A new study finds that many of the benefits related to meditating turn out to be false. It was found that it does not make a person calmer or more compassionate, and just as aggressive or prejudiced if this was in their nature to begin with.
Dr Miguel Farias, co-author, from Coventry University, said: "All world religions promise the world would change for the better if only people were to follow its rules and practices. The popularization of meditation techniques in a secular format is offering the hope of a better self and a better world to many".
"In the early 1970s, Transcendental Meditation conveyed this message openly, announcing that the rising number of individuals practising this technique would lead to world peace in the short term. Psychologists using mindfulness or other Buddhism-derived meditation techniques are now advancing similar ideas about the prosocial effects of meditation. The popularization of meditation techniques, like mindfulness, despite being taught without religious beliefs, still seem to offer the hope of a better self and a better world to many".
The team of researchers reviewed more than 20 studies that investigated the effect of various types of meditation to make the conclusion.
They involved mindfulness - paying more attention to the present moment, and loving-kindness - imagining objects such as cute animals.
It only included randomized controlled studies, where meditators were compared to other individuals that did not meditate.
Initial analysis, published in the journal Scientific Reports, indicated that meditation, whether it was three-minute classes or three-month long getaways at secluded retreats did have an overall positive impact.
It made people feel moderately more compassionate or empathetic, compared to if they had done no other new emotionally-engaging activity.
However, a further analysis revealed that meditation didn't reduce aggression or prejudice or improving how socially-connected someone was.
The most unexpected result of this study, though, was that the more positive results found for compassion had important methodological flaws.
Compassion levels in some studies only increased if the meditation teacher was also an author of the published report.
Overall, the results suggested improvements reported by psychologists in previous studies may be the result of methodological weaknesses and biases.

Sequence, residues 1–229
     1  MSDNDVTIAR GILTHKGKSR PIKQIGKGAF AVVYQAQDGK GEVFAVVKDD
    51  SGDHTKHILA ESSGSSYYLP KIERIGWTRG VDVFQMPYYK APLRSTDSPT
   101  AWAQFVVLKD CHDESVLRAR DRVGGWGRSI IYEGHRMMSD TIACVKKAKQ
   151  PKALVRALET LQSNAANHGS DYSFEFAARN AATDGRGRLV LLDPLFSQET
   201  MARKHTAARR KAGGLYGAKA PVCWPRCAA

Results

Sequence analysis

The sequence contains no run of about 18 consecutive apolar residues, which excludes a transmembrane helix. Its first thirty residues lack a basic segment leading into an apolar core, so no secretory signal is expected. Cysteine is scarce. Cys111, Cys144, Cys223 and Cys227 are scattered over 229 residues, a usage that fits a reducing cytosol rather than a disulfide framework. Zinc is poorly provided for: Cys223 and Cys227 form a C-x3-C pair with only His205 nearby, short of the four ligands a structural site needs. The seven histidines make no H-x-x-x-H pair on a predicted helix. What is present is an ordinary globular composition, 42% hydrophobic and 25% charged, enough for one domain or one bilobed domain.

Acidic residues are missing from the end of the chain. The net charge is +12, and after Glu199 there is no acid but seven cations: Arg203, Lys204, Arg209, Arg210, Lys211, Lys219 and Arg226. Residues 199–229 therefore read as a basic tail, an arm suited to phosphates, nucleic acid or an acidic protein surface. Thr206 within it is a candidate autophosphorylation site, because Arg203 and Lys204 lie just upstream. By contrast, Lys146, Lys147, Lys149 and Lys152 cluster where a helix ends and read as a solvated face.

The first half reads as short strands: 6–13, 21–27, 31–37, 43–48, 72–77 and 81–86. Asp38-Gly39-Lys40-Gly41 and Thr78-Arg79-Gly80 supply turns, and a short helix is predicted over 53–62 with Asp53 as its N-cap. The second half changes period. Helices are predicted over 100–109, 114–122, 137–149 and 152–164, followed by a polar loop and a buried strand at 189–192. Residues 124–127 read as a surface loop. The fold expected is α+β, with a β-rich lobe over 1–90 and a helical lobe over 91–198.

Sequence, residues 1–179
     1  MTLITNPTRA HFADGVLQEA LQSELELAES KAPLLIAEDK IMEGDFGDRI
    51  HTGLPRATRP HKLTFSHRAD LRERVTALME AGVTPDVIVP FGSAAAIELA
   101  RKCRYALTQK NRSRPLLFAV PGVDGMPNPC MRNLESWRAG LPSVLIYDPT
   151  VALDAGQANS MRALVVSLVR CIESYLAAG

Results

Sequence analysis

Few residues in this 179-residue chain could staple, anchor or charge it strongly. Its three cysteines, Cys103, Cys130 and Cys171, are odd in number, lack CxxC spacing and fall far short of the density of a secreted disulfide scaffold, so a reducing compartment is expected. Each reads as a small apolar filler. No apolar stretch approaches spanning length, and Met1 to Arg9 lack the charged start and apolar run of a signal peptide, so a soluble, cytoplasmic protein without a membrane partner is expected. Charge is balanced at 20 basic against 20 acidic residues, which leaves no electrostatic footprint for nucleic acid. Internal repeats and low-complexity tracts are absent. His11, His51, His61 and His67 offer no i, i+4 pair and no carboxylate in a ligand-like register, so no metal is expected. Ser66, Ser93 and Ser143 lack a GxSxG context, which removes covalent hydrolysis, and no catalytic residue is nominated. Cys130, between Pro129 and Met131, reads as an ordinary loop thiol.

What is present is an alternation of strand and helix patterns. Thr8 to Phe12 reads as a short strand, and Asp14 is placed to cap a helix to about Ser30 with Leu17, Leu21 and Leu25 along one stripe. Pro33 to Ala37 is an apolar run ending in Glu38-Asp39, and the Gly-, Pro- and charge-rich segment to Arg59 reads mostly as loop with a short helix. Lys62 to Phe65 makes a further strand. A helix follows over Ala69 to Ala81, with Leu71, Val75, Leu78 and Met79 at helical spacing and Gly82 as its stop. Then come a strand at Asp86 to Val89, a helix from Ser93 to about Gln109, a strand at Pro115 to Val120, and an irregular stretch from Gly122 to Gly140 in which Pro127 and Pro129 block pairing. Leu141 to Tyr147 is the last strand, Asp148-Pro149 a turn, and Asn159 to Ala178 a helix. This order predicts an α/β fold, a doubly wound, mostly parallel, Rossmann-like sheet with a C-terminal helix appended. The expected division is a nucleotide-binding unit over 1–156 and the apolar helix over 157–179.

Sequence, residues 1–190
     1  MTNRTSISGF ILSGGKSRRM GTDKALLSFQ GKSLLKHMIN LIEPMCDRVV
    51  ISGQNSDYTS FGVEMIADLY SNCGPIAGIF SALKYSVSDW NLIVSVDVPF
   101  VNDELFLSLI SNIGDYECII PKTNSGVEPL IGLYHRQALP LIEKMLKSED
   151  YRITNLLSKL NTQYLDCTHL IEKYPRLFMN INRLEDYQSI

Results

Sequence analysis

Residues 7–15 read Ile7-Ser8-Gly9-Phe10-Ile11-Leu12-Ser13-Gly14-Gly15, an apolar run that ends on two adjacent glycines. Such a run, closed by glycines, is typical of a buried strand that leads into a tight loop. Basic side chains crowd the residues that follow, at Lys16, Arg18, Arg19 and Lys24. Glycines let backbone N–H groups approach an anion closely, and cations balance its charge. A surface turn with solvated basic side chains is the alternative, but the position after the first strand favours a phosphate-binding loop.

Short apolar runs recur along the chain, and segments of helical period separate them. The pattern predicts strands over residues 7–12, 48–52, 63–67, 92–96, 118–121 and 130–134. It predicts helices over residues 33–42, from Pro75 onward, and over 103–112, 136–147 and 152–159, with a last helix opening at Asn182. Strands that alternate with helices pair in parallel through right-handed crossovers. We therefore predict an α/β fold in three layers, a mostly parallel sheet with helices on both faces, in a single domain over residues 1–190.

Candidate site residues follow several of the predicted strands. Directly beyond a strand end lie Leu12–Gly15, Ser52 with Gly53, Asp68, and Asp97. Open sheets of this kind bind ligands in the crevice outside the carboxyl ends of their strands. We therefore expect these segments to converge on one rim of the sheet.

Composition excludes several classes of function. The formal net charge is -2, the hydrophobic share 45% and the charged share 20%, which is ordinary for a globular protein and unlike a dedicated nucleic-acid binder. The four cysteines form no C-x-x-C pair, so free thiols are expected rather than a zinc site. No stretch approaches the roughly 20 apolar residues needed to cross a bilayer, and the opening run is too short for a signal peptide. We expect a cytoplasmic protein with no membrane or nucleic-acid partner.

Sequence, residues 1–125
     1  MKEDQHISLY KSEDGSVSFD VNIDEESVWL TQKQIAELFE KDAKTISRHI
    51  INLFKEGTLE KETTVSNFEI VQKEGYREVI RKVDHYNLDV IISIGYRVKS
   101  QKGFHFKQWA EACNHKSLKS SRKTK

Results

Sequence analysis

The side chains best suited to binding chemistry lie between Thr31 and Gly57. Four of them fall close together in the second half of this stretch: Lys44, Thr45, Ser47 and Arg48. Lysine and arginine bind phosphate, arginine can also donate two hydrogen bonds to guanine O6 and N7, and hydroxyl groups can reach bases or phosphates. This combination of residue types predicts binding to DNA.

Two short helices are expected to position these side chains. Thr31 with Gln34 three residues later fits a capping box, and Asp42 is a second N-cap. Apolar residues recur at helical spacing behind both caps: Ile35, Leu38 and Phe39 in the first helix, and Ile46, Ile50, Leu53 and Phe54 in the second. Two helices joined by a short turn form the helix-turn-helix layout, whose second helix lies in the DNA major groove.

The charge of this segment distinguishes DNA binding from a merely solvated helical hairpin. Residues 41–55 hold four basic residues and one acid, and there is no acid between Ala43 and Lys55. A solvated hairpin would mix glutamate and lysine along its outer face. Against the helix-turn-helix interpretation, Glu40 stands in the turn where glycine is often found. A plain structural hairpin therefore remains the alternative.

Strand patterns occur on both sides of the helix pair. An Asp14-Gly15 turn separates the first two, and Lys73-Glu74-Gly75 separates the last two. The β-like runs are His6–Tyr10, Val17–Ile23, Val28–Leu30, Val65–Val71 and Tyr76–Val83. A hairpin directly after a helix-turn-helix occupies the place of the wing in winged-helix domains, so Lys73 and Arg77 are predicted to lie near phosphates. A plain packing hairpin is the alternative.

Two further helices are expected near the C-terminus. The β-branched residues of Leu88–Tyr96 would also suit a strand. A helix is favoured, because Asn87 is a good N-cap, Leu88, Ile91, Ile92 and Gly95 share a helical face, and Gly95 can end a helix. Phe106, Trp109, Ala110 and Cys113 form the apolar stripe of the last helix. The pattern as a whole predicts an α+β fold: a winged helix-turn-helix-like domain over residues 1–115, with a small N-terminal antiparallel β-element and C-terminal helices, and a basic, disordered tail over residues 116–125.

Dr Farias added, "Despite the high hopes of practitioners and past studies, our research found that methodological shortcomings greatly influenced the results we found. Most of the initial positive results disappeared when the meditation groups were compared to other groups that engaged in tasks unrelated to meditation".
"We also found that the beneficial effect of meditation on compassion disappeared if the meditation teacher was an author in the studies. This reveals that the researchers might have unintentionally biased their results. None of this, of course, invalidates Buddhism or other religions' claims about the moral value and eventually life changing potential of its beliefs and practices. But our research findings are a far cry from many popular claims made by meditators and some psychologists".
"To understand the true impact of meditation on people's feelings and behavior further we first need to address the methodological weaknesses we uncovered - starting with the high expectations researchers might have about the power of meditation".
In essence the findings of these prior studies were skewed in order to represent the outcome that was sought, not the actual effect or lack thereof. Studies of these types regardless of the subject matter being tested prove to be worthless and misleading to those who review the articles, based on these studies having been rigorously and honestly written by those who were involved in the methodology. Bottom line, even scientists will lie to justify their own personal beliefs on a subject.
Source - DailyMail
Marlene at Miami Ghost Chronicles is a freelance writer and paranormal researcher.
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